India’s Naya Sansad

By Nita Chicooree-Mercier

On May 28, 2023, the Indian Prime Minister inaugurated the Naya Sansad, the new Parliament, a sprawling four-storey building designed by Indian architects, built by Indians and dedicated to the Indian population. It was high time India replaced the old parliament building built by British colonial authorities. The new Parliament’s architecture showcases the symbols of Indian culture in the elaborate sculptures and colourful designs of the ceilings, pillars and shape of the different Houses. The Lok Sabha House, comprising 888 seats with several colours, is based on the theme of the peacock, the national bird of India. The national flower, the lotus, adorns the Upper House, the Rajya Sabha which has 384 seats. The Dharma Chakra of Emperor Ashoka reigns majestically over the Speaker’s seat.

The inauguration was steeped in Hindu civilizational ethos and cultural values. Inspired by the country’s rich history, 21 adheenams, respected swamis from Tamil Naidu, started off the inauguration with Vedic chants, in the spirit of the ancient Tamil civilization and the three kingdoms that shared power in Tamil Nadu – the Pallavas, Cholas and Pandyas. The adheenams handed the sacred sceptre ‘Sengol’, which is the symbol of the transfer of power from the British to India, to the Indian PM. The very idea of bringing up a tradition dating back to the ancient Tamil kingdoms and a map of the neighbouring countries that were under the influence of Indian culture has especially well inspired as it pays due homage to ancient history, it strengthens a sense of continuity between the past and the present, and paves the way for the solid future of a country deeply rooted in its millennial symbols and values.

The Prime Minister prostrated in front of the Sengol, Senmai in Tamil, signifying Righteousness, a symbol of spiritual authority over political authority represented by Parliament. It embodies the Dharmic concept of responsibility and duty of rulers to govern in accordance with specific ethos and values. Viceroy Lord Mountbatten was the last ruler to have handed over the Sengol to the first Prime Minister of India, Pandit Jawaharlal Nehru in 1947. Ever since, it was kept in Ananda Bhawan, PM Nehru’s residence. Under the leadership of the current Prime Minister, the government made it a point to save the Sengol from oblivion. Multi-faith prayers followed the Vedic chants in chronological order of indigenous faiths first, Buddhism including Tibetan Buddhism, Jainism and Sikhism.

Twenty Opposition parties boycotted the inauguration, and their Chief Ministers refused to show up to for a parliamentary session presided by the Prime Minister. The financial costs of the construction of such a building in a period of economic turmoil was the first reason put forward. The works kicked off during the Covid pandemic in 2020 and lasted nearly two and a half years. However, history is replete with great works undertaken despite widespread economic slowdown.

This recalls how, in the late 1920s and early 1930s, US President Roosevelt gave the green light for the New Deal, which was essentially a series of programmes and projects implemented during the Great Depression and that aimed to restore prosperity to Americans. Further back, the construction of the Louvre in Paris started in the XIIth century during the reign of Charles V and was carried on under François I to serve as a fortress against military assaults by the enemies of France. The sprawling building became the royal residence of the kings right down to Louis XIV and was transformed into a public museum in 1792 after the fall of the monarchy and the reign of terror that ensued. The Louvre has stood out as a piece of great art notwithstanding the poor living conditions of the people even by the economic standards of those days.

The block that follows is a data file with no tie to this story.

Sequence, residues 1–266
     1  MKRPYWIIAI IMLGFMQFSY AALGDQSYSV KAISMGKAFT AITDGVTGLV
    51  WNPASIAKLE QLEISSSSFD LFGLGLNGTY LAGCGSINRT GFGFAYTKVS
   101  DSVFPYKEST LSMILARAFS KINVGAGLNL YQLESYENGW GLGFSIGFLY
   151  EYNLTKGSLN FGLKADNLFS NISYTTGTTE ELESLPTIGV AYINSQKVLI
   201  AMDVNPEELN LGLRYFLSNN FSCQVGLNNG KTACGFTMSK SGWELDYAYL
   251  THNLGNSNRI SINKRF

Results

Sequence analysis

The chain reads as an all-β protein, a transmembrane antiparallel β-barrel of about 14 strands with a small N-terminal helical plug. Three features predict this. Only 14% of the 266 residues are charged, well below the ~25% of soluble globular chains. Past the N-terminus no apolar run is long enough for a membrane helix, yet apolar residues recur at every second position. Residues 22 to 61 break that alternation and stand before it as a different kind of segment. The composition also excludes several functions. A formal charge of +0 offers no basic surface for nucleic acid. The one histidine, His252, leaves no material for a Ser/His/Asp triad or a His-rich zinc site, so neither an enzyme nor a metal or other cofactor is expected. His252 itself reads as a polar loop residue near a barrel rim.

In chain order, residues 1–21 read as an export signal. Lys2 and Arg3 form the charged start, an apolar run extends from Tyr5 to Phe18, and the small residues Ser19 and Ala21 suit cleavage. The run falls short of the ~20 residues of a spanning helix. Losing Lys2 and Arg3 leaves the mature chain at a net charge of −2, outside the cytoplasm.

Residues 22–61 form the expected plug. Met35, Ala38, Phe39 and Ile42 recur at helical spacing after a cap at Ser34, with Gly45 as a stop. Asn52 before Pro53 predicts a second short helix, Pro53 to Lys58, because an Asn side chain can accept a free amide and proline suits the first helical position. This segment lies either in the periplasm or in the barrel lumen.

Unsurprisingly, secularism was the other excuse for non-attendance of Opposition MPs. Deep inside, they are well aware that the religious tradition of Bharat is inherently secular in character and cannot be compared to the tyrannical grip of established churches over European rulers and on society in general, which led to the separation of religion and state in early 20th century Europe. Communist and leftist ideological inclination to undermine and erase past native history and well-entrenched traditions needs no introduction. Ironically, Tamil Naidu’s Chief Minister Stalin gave a cold shoulder to the inauguration of the majestic parliament that highlights Tamilian heritage. How sad that conversion imposes subservience to external authorities in Europe. It illustrates one of the key challenges the nationalist government has to face in its unwavering commitment to nation-building and unity.

There is no doubt that at this point of its economic development and rising stature on the global stage India should get rid of the iconic circular parliament built during British colonisation with the money collected from the labour and sweat of millions of Indians and dedicate a Made in India parliament to the nation, constructed by local designers, architects, engineers, technicians, artisans and craftsmen from different states. If anything, the cacophony drummed up by opponents reflects the usual bickering, shouting, diatribes and rabble-rousing that characterizes Indian politics within the precincts of the august Parliament and in the media.

The stunningly beautiful building is a crucial achievement in the process of decolonisation. As a matter of fact, it is of utmost importance that leaders of former colonies tossed off the legacy of the colonial past and built a new parliament to reflect the development and aspiration of their young nations. India’s magnificent Naya Sansad epitomizes the dignity and pride of the nation and stands out majestically as a symbol for the Global South in the world.

Mauritius Times ePaper Friday 2 June 2023

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